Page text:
To prevent the destruction, the length and pattern of each branch is preferably designed so that the rush current flows first through the Zener diode elements 152 and then through the capacitor elements 151. Thus, in this example, the capacitor branch extends around the diode branch to make the wiring length of the capacitor branch larger than that of the diode branch. Alternatively, it is possible to increase the thickness of the wiring for the diode branch, while relatively reducing the thickness and increasing the length of the wiring for the capacitor branch.

According to the present invention, a shield cover 200 covers the top surface 120 of the printed circuit board 100. The shield cover 200 is a pressed metal plate. FIG. 3A shows a plan view of the shield cover. FIG. 3B is a sectional view of the shield cover 200 taken along line III—III.

The shield cover 200 comprises a skirt portion 210 that fits a peripheral portion of the printed circuit board 100 and a top plate 220 that covers the entire top surface 120 of the substrate including the capacitor elements 151 and Zener diode elements 152 mounted on the printed circuit board 100. If the connector base 11 is provided with the earth terminal plate 14, shown in FIG. 5, the top plate 220 is formed so as to also cover the earth terminal plate 14.

Further, pin through-holes 221, 222, and 223 are drilled in the top plate 220 so that the first pin E for earthing and the second pin SH and third pin SC for signals are inserted through the pin through-holes. Moreover, a step portion 230 is provided between the skirt portion 210 and the top plate 220; the step portion 230 is formed by folding an upper end of the skirt portion 210 inward through almost a right angle.

When the shield cover 200 is placed on the printed circuit board 100, the step portion 230 two-dimensionally contacts the shield electrode 121, formed on the printed circuit board 100. Consequently, the shield cover 200 and the shield layer 111 are connected together so as to provide a low impedance for high frequencies.

By thus covering the upper part of the top surface 120 of the printed circuit board 100, that is, the part mounted surface, with the shield cover 200, it is possible to prevent high frequencies from the wiring extending to the capacitor elements 151 from being radiated to the interior of the microphone. The pin through-holes 221, 222, and 223 are preferably have a minimum size required to draw the respective pins out of the through-holes.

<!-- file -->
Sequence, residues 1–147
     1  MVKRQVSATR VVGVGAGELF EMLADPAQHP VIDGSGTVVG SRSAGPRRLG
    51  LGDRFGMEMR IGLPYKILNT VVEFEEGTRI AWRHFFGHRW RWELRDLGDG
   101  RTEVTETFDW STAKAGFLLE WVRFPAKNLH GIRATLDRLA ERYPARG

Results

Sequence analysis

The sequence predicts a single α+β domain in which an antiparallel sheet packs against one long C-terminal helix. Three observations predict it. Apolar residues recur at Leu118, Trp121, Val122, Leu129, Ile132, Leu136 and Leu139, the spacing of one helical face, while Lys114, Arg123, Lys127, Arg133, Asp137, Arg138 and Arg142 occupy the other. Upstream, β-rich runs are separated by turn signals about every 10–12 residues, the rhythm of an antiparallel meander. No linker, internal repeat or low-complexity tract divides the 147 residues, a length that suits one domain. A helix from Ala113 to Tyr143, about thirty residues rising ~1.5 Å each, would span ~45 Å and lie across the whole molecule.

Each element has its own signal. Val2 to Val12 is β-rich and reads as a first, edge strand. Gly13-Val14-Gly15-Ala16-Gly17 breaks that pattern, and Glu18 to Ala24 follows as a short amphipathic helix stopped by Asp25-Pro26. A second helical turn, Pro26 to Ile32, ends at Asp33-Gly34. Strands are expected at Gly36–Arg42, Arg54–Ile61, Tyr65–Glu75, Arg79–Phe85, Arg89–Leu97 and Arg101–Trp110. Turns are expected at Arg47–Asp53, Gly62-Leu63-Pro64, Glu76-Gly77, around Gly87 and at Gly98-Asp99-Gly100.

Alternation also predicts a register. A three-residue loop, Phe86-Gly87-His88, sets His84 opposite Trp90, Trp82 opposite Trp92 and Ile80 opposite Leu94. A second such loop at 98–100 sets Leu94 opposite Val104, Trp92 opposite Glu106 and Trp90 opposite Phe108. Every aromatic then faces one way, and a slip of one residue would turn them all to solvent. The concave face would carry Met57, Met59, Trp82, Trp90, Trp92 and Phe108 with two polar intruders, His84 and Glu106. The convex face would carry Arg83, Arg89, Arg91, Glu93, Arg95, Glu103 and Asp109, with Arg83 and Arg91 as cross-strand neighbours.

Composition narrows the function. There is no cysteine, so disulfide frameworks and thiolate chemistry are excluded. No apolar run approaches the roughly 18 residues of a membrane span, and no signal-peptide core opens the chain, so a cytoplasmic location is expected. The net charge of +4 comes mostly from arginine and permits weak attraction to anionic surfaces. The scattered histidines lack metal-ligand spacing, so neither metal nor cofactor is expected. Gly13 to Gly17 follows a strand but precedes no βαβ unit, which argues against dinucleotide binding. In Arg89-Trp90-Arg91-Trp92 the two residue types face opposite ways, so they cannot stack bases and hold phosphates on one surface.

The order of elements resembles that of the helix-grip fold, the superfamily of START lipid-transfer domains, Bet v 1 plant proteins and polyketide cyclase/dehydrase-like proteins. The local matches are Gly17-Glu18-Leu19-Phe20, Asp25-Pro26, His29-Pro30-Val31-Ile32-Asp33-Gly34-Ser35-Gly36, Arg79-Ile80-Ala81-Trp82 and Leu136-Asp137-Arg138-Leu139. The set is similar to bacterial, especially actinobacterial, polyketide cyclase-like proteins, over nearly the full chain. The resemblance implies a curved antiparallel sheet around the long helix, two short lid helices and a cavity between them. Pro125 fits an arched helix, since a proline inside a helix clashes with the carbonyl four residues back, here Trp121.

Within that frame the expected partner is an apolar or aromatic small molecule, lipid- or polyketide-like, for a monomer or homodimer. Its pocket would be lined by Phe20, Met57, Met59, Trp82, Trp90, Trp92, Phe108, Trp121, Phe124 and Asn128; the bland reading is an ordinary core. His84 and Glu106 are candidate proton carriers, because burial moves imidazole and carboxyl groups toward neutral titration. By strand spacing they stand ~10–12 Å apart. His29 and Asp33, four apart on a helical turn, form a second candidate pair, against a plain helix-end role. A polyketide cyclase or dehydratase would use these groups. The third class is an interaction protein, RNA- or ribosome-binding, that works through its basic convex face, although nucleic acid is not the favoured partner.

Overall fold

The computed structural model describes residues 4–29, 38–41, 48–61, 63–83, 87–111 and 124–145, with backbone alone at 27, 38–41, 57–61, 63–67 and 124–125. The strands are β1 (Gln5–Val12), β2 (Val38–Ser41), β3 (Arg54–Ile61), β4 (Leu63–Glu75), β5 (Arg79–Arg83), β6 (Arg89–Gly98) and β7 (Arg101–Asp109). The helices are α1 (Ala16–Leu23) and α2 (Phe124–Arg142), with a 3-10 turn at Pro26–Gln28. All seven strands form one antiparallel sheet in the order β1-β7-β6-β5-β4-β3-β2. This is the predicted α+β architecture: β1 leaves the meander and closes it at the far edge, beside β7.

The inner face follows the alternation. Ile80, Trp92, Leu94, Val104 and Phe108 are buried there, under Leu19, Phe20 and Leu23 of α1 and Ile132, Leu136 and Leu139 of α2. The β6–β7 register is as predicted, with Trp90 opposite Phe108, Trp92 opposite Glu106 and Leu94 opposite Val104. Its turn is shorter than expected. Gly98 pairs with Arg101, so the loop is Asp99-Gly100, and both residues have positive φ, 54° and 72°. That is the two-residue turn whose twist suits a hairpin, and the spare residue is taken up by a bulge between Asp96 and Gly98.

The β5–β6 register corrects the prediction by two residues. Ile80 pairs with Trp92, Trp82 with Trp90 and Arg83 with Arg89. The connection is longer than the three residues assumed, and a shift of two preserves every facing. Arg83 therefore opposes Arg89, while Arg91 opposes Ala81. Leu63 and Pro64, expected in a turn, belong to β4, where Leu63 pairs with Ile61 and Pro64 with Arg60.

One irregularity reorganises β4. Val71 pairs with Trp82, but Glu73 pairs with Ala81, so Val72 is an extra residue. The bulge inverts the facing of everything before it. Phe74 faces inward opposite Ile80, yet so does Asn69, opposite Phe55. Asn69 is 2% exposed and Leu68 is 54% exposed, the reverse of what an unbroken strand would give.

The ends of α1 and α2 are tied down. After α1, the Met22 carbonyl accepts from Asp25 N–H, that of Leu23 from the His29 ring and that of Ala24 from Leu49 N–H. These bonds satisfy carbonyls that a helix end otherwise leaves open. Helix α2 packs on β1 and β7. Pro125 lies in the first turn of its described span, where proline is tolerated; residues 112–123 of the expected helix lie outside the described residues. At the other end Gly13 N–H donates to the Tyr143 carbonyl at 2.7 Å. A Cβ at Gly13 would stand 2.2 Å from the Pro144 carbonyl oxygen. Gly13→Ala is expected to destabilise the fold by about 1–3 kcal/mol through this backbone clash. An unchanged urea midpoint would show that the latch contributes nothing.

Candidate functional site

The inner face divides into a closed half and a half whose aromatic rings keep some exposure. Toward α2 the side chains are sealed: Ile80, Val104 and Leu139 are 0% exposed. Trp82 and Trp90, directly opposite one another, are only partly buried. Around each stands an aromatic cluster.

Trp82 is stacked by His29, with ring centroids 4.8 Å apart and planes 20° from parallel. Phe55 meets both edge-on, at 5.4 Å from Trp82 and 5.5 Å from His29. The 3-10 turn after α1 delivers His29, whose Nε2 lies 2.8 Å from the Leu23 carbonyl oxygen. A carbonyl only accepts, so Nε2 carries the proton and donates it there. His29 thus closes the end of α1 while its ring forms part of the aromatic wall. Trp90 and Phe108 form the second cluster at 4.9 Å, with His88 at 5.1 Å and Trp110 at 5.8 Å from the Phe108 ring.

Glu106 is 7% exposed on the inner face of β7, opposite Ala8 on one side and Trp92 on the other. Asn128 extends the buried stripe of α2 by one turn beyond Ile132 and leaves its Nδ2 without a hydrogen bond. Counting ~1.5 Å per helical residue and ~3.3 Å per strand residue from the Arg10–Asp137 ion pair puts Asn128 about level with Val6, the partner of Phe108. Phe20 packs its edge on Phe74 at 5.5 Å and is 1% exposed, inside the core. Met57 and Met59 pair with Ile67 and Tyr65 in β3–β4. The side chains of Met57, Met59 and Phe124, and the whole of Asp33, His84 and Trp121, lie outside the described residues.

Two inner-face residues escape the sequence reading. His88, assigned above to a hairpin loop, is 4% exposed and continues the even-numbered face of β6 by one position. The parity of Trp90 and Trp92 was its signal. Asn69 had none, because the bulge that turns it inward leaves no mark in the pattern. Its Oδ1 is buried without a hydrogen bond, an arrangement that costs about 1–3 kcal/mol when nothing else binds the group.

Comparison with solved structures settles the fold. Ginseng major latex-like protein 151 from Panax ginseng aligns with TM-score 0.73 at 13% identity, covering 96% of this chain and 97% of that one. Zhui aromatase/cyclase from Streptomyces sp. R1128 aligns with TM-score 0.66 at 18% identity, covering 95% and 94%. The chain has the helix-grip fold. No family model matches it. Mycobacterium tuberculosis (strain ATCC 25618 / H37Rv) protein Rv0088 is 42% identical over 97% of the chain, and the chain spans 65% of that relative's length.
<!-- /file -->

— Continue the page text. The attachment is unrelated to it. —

According to the present invention, by additionally providing only the printed circuit board 100 and shield cover 200 configured as described above, without the need to change the basic configuration of the output connector, it is possible to reliably prevent electromagnetic waves from entering the microphone even if their frequencies are high as in the case of cellular phones or the like.

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Referenced by
Citing PatentFiling datePublication dateApplicantTitle
US7540780 *Aug 3, 2005Jun 2, 2009Kabushiki Kaisha Audio-TechnicaMicrophone connector
US7580735 *May 16, 2005Aug 25, 2009Kabushiki Kaisha Audio-TechnicaCondenser microphone
US8066531 *Dec 30, 2009Nov 29, 2011Kabushiki Kaisha Audio-TechnicaMicrophone output connector
US8366488 *Aug 25, 2011Feb 5, 2013Kabushiki Kaisha Audio-TechnicaMicrophone connector
US8408941 *May 26, 2011Apr 2, 2013Kabushiki Kaisha Audio-TechnicaCondenser microphone and its output connector
US8583194 *Sep 14, 2007Nov 12, 2013Kyocera CorporationElectronic apparatus
US20050261039 *May 16, 2005Nov 24, 2005Kabushiki Kaisha Audio-TechnicaCondenser microphone
US20060045303 *Aug 3, 2005Mar 2, 2006Kabushiki Kaisha Audio-TechnicaMicrophone connector
US20090279717 *May 12, 2008Nov 12, 2009Udid Technology Co., Ltd.Circuit module for a condenser microphone
US20100069129 *Sep 14, 2007Mar 18, 2010Kyocera CorporationElectronic Apparatus
US20100184328 *Dec 30, 2009Jul 22, 2010Ryo KanatsuMicrophone Output Connector
US20120009819 *May 26, 2011Jan 12, 2012Kabushiki Kaisha Audio-TechnicaCondenser microphone and its output connector
US20120052727 *Aug 25, 2011Mar 1, 2012Hiroshi AkinoMicrophone Connector
Classifications
U.S. Classification439/620.21
International ClassificationH01R13/648, H01R13/66, H04R19/04, H04R1/04, H04R1/06, H01R13/652, H01R13/719
Cooperative ClassificationH01R2103/00, H04R1/06, H01R13/6641, H01R13/719, H01R24/30, H01R13/652
European ClassificationH01R13/652, H01R13/719
Legal Events
DateCodeEventDescription
Apr 8, 2005ASAssignment
Owner name: KABUSHIKI KAISHA AUDIO-TECHNICA, JAPAN
Free format text: ASSIGNMENT OF ASSIGNORS INTEREST;ASSIGNOR:AKINO, HIROSHI;REEL/FRAME:016464/0896
Effective date: 20050301
Nov 17, 2009FPAYFee payment
Year of fee payment: 4
Oct 31, 2013FPAYFee payment
Year of fee payment: 8